Alpaca Articles : Herd Protectors

War on Foxes! Alpacas to the challenge

Perhaps even before the introduction of the Merino to Australia, sheep farmers have been waging a constant war against feral dogs, foxes and dingoes.

Much has been said about the desirable characteristics of the alpaca, reasonably low maintenance, environmentally friendly and with a superbly soft and valuable fleece. But until recently it was a little known fact to those who were not involved with the alpaca, that this unique animal possesses another characteristic which significantly benefits the Australian sheep farmer: that of a defender against predators! Especially foxes.

For years sheep farmers have been plagued with losses of lambs to foxes and wild dogs. Indeed, many farmers have introduced Maremma dogs as protectors of their flocks in an attempt to reduce those losses. But Maremmas are not inexpensive, have to be trained to protect sheep or goat flocks, and having been trained are not particularly friendly to humans other than their owner. They require special feeding and are inclined to bark at anything that moves, thus possibly disturbing companion flocks unnecessarily.

On the other hand the instinct for one or preferably two alpacas to bond as companions with sheep and goats has resulted in the growing use of wethered adult male alpacas as flock guardians.

The alpaca, a larger, strong animal, is uniquely observant and curious. While it is normally a gentle and placid animal it is particularly protective of its mob against predators, and especially companion offspring. In addition, while they will tolerate familiar farm dogs they hate with a passion those they don't recognise. Indeed, cases have been recorded in Australia of males or wethers bravely standing in front of females and progeny in the corner of a paddock fending off attacks by packs of dogs. In some cases the dogs have killed a guardian while most of his flock has survived.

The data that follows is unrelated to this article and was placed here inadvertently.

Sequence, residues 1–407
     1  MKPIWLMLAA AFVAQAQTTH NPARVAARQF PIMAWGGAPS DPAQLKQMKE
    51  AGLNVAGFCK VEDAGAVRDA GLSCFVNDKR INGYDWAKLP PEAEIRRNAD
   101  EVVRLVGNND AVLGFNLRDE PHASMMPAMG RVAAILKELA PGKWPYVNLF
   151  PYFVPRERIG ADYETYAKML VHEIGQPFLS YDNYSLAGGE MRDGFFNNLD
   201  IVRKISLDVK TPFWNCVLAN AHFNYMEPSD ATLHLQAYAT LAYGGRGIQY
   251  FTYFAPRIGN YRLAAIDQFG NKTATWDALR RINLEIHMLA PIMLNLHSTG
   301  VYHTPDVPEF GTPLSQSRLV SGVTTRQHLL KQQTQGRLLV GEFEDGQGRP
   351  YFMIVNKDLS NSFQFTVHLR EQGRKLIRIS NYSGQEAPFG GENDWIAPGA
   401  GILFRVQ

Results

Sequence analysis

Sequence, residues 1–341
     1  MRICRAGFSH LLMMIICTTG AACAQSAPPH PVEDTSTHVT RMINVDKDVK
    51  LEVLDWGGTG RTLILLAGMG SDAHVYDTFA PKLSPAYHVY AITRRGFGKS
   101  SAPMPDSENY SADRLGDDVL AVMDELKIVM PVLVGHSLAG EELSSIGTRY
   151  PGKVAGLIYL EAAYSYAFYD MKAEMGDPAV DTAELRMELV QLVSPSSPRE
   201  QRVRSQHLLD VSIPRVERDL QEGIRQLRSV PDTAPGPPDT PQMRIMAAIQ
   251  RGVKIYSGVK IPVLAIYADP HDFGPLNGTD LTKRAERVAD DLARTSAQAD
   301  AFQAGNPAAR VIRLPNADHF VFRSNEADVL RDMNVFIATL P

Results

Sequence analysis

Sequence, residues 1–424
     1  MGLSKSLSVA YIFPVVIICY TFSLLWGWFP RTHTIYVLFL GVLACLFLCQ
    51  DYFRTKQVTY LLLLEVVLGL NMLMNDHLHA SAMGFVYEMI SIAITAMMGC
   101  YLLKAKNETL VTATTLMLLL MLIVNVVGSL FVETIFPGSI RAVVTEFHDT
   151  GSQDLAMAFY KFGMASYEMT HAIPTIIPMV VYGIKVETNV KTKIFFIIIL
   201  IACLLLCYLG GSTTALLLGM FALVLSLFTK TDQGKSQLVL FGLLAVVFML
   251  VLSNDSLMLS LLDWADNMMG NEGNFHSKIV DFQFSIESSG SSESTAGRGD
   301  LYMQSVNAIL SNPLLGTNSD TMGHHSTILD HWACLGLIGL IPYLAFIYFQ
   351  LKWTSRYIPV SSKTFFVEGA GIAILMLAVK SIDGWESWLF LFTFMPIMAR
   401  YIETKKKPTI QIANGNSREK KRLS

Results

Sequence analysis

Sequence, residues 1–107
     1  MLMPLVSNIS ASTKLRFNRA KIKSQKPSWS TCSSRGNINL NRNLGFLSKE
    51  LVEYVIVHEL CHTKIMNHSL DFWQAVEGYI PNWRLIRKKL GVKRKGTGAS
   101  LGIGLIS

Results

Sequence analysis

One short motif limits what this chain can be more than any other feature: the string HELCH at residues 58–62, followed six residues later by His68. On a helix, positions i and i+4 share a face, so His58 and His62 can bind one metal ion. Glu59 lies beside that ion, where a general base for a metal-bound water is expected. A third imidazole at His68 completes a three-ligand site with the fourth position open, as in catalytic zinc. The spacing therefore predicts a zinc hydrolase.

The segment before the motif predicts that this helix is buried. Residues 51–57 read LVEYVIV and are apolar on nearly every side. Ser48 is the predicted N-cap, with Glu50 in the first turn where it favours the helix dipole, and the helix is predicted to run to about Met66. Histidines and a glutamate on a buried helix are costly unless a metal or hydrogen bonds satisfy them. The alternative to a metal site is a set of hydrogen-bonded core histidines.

Because of their observant and curious nature, alpacas will notice a threat like a dog, fox or dingo immediately and move towards it, alerting the rest of the mob by emitting high pitched squeals not unlike that of squeaky wheel bearings. Because these predators generally avoid confrontation they will usually move away; however should this not be the case the alpaca will chase the predator and may even kick and stomp upon it until either the dangerous animal has run away or is dead.

"Prior to selling our 2400 acre sheep and cattle property in the central west of New South Wales three years ago, we used alpaca wethers to guard our 800 ewes during and after lambing. They enabled us to achieve almost 100% lambing whereas previously, even with annual fox control programs, we had only achieved 80% - 85% lamb breeding rates", said Bob Richardson, a Yass NSW alpaca breeder and current Vice-President of the Australian Alpaca Association. "So guardian alpacas are a profitable investment for sheep and goat breeders."

Mr. Richardson went on to say, "The alpaca eats the same food as the sheep, does not bark at anything that moves, and costs about half as much as a Maremma. In addition it requires much the same care as sheep, but does not get fly strike or foot rot and never needs crutching or mulesing. Moreover, unlike many other animals, alpacas do not shed their fibre so the risk of fibre cross-contamination with sheep is negligible, much less likely than from sheep dogs during yard work".

The Australian Alpaca Association strongly recommends that alpacas used as guardians for lambing, ewe and breeding goat flocks should be fully grown adult castrated males at least 18 months to two years old. They should not be kept alone when not running with a companion flock, so they are often purchased as a pair.


Article released by the Australian Alpaca Association. www.alpaca.asn.au